Outgoing Trump administration finalizes last-minute Arctic refuge drilling leases

The Bureau of Land Management issued the leases on Trump's last full day in office.

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The Trump administration finalized oil and gas leases in Alaska’s Arctic National Wildlife Refuge on Trump’s last full day in office. (Alexis Bonogofsky / U.S. Fish and Wildlife Service)

The Trump administration said on Tuesday it had issued drilling leases on more than 400,000 acres of Alaska’s Arctic National Wildlife Refuge, delivering on a promise to fossil fuel proponents on President Donald Trump’s last full day in office.

Formal issuance of the leases by the U.S. Bureau of Land Management comes a day before the inauguration of President-elect Joe Biden, who has pledged to protect the 19.6 million-acre refuge, which includes habitat for polar bears and caribou, and to ban new oil and gas leasing on federal lands. Biden is expected to take measures to add those protections on Wednesday, hours after his inauguration.

[The sale of Arctic refuge oil leases draws meager bidding — mostly from an Alaska state agency]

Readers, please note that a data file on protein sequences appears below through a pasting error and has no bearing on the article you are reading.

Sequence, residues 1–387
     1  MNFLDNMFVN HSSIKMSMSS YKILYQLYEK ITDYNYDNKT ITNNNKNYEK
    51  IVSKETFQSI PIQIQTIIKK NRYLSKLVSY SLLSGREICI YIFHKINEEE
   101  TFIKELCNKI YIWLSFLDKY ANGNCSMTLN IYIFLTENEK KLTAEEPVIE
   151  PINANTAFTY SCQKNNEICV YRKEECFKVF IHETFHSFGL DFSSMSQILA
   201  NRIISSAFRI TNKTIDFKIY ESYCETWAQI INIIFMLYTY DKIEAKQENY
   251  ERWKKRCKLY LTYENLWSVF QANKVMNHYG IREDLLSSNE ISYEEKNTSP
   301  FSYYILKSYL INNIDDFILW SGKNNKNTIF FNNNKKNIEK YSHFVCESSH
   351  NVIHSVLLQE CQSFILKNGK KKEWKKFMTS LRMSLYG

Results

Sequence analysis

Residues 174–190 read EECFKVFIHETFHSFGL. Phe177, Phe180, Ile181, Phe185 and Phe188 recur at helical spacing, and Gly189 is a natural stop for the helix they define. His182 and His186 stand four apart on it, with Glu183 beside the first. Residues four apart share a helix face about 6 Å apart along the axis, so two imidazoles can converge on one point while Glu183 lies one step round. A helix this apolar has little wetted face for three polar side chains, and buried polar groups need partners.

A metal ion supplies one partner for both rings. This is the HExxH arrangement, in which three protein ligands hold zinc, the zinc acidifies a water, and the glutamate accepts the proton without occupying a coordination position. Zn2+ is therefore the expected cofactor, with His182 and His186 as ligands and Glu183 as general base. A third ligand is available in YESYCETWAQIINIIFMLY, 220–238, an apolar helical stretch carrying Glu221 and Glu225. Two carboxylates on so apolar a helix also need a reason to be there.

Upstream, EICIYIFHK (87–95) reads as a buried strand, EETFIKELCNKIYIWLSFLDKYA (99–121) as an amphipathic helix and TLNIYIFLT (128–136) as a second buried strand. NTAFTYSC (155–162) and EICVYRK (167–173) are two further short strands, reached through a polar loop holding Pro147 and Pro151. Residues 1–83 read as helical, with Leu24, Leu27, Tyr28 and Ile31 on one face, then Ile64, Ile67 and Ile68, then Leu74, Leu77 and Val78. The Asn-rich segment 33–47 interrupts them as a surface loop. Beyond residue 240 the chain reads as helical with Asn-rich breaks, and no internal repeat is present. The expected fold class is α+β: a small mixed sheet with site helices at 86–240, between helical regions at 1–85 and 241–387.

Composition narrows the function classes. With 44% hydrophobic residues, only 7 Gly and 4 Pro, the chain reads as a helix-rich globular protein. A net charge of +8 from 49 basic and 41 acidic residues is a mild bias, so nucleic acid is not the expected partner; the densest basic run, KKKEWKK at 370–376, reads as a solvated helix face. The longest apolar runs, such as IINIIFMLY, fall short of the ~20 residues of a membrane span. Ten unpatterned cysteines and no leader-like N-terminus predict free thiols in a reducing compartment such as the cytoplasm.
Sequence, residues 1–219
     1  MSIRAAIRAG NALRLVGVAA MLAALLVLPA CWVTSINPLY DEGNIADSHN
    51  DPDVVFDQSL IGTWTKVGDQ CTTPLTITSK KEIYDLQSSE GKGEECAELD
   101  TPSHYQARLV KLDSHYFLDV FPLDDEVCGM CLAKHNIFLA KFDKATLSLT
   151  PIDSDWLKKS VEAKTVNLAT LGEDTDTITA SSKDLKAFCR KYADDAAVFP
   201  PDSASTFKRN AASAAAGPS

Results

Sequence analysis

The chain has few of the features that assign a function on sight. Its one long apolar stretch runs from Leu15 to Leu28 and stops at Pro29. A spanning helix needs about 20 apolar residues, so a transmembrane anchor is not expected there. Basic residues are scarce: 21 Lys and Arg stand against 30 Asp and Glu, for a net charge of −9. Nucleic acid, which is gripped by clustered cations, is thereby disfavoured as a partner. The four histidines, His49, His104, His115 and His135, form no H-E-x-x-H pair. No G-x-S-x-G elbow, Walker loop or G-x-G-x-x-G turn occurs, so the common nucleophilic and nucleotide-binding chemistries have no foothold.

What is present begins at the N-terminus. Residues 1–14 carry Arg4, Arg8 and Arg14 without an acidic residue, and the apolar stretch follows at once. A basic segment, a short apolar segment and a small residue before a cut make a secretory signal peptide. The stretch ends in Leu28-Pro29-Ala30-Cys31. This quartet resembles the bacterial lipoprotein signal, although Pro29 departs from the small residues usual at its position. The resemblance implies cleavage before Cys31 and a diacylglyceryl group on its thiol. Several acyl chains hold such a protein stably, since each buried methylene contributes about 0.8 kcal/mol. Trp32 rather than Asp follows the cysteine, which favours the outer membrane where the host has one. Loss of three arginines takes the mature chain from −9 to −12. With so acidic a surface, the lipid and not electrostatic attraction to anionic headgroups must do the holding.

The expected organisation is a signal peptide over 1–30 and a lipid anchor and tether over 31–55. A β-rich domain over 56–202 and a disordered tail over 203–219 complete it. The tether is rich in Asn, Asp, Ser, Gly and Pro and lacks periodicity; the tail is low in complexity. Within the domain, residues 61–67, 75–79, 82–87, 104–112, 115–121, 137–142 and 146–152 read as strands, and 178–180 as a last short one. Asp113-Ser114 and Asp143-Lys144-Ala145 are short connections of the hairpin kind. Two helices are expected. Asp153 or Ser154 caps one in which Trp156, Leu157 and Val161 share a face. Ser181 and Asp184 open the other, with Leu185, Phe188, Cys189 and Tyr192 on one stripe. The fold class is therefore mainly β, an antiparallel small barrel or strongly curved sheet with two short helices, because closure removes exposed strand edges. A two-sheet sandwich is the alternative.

Lease holders would still need to seek permits from the new administration before any wells could be drilled, among other challenges.

The Trump administration’s plan to open up the refuge to oil and gas exploration is being challenged in court by environmentalists, Alaska Native groups and Democratic-led states, and several major banks have said they will not finance projects in the region.

The Bureau of Land Management’s Alaska office said it had issued nine of the 11 leases that received bids at the agency’s Jan. 6 auction. It is still working on issuing the remaining two, a spokesman said.

The Alaska Industrial Development and Export Authority, a state agency, which was the sole bidder for most of the acreage sold, was issued seven leases. The remaining two were issued to small independent companies Knik Arm Services LLC and Regenerate Alaska Inc, BLM said.

[After winning most Arctic refuge bids, an Alaska agency prepares to assume oil leases]

In a statement, BLM Alaska State Director Chad Padgett called the issuance “a hallmark step and a clear indication that Alaska remains important to meeting the nation’s energy needs.”

Adam Kolton, executive director of Alaska Wilderness League, one of the groups that has sued to block the ANWR drilling plan, called on Biden to take “strong and decisive action to ensure that no oil rig or seismic truck ever despoils an inch of this last great wilderness.”